Last week, the National Association for Law Placement (NALP) issued a press release detailing general findings from employment information submitted by 192 U.S. law schools for the Class of 2010.
Four key national observations:
- The overall employment rate of the Class of 2010 nine months after graduation was 87.6 percent, the lowest since 1996. NALP calculates this employment rate based on graduates whose status is known, counting all types of jobs as employment. If you apply the new US News methodology, which is based on the total number of graduates, the overall nine-month employment rate for the 192 law schools reporting falls to 84.1 percent.
- Only 71 percent of the jobs reported by the Class of 2010 were both full-time and permanent.
- Only 50.9 percent of 2010 grads reporting working for private law firms, a drop of five percentage points from the Class of 2009.
- The percentage of private practice jobs with large (500+ attorney) firms fell from 25.6 percent in 2009 to 20.5 percent in 2010.
Three additional NALP findings relate directly to my last blog post about “bar passage required” and other jobs. As a review of NALP definitions, a “JD preferred” job is one for which the employer sought an individual with a JD, and perhaps even required a JD, but the job itself does not require bar passage, an active law license, or involve practicing law. An “other professional position” is one that requires professional skills or training but in which a JD is not required and may not, in some cases, be particularly applicable. Finally, a “non-professional” position is one that does not require any special professional skills or training.
- Of the Class of 2010 graduates for whom employment was known, nationally only 68.4 percent obtained a job for which bar passage is required. This is the lowest “bar passage required” percentage NALP has ever measured.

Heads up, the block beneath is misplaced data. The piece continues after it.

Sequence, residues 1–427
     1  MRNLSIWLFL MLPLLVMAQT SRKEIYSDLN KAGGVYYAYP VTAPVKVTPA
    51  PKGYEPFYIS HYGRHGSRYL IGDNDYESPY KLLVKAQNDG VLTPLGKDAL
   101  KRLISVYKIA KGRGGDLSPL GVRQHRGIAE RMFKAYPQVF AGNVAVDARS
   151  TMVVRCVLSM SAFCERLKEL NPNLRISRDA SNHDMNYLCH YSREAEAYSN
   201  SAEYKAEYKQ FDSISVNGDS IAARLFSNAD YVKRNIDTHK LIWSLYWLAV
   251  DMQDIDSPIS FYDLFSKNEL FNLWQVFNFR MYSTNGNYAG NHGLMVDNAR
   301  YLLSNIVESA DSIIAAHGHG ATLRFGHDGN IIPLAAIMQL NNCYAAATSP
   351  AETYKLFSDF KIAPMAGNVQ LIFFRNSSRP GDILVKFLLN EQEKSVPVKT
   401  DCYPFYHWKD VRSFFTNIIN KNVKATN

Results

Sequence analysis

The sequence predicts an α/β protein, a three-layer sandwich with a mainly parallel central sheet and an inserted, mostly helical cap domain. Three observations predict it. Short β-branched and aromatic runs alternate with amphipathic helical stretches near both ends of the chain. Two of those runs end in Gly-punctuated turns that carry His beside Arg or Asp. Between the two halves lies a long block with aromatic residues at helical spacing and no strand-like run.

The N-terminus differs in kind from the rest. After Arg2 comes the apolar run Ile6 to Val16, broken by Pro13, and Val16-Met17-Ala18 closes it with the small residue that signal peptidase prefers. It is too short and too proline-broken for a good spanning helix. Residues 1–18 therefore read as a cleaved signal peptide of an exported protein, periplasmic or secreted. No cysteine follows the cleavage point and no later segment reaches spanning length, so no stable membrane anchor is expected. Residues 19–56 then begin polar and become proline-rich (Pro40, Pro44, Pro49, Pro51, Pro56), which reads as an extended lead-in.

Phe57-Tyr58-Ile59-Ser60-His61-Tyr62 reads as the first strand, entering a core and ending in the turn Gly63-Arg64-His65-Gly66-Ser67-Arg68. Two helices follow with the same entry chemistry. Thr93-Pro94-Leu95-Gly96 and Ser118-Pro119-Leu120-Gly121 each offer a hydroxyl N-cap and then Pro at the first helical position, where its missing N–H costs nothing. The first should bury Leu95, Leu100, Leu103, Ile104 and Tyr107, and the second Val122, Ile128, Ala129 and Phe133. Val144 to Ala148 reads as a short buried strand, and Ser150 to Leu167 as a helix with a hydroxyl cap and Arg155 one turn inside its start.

- An additional 10.7 percent of 2010 grads obtained “JD preferred” jobs, compared to 9.2 percent for the Class of 2009. This is the highest national “JD preferred” percentage since NALP began tracking this statistic in 2001.
- 5.6 percent of 2010 grads reported an “other professional” position, while 1.9 percent reported a non-professional position. Both of these figures were up only a fraction of a percentage point from 2009.
The next Career Services blog posting will break down national and KU Law specific salary data for the Class of 2010. We’ll report on the number of students and the corresponding percentage of students reporting salaries for jobs requiring bar passage, JD preferred jobs, and jobs in the public and private sector. We’ll then list the mean, median, 25th and 75th percentile salaries for each of those categories.
Finally, we’ll discuss national and KU Law specific salaries in the following employment categories: business, private practice, government, public interest and judicial clerkships.
Todd Rogers, Assistant Dean for Career Services